At this year’s International Stroke Conference hosted by the American Stroke Association, a study provided more evidence that those who suffer from sleep apnea are at an increased risk of developing silent strokes. Silent strokes can only be detected by a brain imaging scanner, such as an MRI or a CT scan, making them much different and much more frightening than major strokes. Those who experience silent strokes are rarely aware of the neurological deficit that occurs until scarring develops on the brain, which is why the strokes are known as silent.
The study, conducted by researchers at Dresden University in Germany, involved 56 patients who had been previously hospitalized for major strokes. The patients were placed into two distinct groups: the first included those who had suffered from silent strokes; while the second had not experienced these particular strokes. Chronic damage to the blood vessels in the brain was also a factor considered in the study.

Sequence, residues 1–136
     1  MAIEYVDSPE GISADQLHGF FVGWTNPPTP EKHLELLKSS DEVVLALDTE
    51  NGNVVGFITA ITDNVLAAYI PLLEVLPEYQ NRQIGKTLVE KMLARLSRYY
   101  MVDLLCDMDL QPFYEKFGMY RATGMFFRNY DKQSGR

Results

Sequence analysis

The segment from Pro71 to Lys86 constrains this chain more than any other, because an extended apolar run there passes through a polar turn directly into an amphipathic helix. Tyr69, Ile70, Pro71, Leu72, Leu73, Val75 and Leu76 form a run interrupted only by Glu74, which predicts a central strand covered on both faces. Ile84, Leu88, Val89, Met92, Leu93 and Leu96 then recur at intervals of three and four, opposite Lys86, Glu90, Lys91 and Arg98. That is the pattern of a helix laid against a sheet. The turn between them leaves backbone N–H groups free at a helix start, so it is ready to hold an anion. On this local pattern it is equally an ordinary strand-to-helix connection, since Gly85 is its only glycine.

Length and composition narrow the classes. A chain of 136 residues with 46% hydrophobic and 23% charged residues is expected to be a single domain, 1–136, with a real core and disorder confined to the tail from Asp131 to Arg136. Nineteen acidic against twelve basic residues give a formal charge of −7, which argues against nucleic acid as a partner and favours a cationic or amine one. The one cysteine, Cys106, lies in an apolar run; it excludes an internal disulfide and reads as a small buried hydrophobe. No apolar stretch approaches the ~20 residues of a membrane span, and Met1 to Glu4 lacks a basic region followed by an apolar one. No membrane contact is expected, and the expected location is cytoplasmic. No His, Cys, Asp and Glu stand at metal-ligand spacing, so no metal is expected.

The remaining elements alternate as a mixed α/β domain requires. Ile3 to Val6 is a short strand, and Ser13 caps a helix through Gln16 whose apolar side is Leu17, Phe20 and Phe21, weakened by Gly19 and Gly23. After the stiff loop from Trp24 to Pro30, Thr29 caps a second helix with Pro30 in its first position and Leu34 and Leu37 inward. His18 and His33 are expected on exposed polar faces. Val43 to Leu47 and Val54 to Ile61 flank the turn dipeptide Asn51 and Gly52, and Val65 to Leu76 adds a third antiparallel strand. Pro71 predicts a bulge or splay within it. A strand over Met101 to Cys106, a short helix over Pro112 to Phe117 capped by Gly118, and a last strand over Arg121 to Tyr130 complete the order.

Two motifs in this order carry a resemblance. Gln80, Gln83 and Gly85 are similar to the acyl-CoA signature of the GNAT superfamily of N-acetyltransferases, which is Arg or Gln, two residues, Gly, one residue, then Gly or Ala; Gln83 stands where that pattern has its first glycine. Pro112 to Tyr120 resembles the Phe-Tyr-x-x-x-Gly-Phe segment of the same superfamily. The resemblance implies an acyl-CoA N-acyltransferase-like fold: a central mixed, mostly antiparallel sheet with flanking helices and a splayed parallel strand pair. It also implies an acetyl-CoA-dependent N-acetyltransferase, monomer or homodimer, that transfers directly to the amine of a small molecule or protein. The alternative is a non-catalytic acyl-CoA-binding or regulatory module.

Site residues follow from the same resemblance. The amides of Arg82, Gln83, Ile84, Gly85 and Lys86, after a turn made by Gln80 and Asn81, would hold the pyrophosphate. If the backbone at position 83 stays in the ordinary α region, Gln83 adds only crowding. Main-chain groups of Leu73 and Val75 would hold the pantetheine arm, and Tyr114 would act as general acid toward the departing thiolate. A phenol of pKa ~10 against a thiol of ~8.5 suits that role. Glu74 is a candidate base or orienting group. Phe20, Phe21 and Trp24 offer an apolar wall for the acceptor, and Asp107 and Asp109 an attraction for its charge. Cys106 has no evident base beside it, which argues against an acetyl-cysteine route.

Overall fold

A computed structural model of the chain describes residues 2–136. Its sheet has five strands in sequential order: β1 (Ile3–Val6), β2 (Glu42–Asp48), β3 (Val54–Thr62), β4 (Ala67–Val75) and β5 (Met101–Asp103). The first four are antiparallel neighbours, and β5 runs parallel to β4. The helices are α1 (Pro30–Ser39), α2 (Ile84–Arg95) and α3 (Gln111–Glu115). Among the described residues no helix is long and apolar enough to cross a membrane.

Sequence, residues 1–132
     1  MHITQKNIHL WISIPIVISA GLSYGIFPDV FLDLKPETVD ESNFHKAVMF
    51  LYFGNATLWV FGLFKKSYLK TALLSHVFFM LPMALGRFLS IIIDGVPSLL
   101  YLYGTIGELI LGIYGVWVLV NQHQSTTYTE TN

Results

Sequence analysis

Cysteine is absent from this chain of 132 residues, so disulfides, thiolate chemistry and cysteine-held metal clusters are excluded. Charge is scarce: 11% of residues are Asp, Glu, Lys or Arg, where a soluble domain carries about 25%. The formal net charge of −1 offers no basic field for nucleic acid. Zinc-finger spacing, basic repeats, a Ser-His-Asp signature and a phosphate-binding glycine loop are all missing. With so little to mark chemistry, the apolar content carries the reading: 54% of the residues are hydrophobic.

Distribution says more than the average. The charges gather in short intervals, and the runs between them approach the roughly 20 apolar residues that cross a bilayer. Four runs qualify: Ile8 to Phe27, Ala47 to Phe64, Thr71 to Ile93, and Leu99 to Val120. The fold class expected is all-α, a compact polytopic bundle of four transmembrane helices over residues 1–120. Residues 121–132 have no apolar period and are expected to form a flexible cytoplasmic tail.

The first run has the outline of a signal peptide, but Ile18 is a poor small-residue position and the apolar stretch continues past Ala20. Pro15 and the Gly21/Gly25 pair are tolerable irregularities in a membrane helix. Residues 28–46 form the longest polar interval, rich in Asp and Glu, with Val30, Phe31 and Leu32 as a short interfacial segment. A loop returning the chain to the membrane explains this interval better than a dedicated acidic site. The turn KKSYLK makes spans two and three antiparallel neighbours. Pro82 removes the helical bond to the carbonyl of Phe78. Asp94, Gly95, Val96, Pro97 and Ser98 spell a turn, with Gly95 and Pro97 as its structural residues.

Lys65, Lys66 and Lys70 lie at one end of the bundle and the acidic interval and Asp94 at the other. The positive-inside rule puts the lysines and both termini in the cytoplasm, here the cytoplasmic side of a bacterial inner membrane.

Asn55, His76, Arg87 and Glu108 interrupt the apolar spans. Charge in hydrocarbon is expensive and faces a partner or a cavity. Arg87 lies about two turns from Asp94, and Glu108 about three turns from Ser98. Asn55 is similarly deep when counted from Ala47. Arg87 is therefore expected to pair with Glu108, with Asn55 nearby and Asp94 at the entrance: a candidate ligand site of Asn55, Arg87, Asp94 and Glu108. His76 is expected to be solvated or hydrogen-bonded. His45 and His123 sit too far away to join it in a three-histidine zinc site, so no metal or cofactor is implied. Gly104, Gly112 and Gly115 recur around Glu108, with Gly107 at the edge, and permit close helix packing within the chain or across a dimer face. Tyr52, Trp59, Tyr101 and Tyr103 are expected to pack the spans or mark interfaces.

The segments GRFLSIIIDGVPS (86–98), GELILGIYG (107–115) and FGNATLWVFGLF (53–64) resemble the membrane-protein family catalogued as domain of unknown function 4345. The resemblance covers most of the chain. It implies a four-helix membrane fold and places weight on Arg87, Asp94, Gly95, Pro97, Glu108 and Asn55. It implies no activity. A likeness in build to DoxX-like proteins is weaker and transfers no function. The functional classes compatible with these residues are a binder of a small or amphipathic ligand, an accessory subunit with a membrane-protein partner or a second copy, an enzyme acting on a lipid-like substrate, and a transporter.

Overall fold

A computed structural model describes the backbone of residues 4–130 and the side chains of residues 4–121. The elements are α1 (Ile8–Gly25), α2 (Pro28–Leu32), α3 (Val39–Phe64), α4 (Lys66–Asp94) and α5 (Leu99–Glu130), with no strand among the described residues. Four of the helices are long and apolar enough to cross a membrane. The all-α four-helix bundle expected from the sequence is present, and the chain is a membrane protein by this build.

Each of the 56 patients were then sent to overnight sleep tests, and it was found that 91 percent were suffering from obstructive sleep apnea. The study was not able to determine whether OSA could be a predictor of silent strokes, a cause or a symptom, however, as OSA was present in subjects from both groups of patients.
Despite the findings, the possible link between sleep apnea and silent strokes is disturbing; as more than 12 million Americans are currently suffering from obstructive sleep, apnea and many of them have gone undiagnosed and/or untreated.
If you are suffering from common sleep apnea symptoms, such as fatigue, a lack of energy and daytime drowsiness, you may be suffering from sleep apnea and could be at risk of developing silent strokes. It is important to undergo a sleep study if you are experiencing symptoms of sleep apnea, and seek treatment if you have already been diagnosed. Contact Dr. Siegel today to learn more about sleep apnea and available treatment options.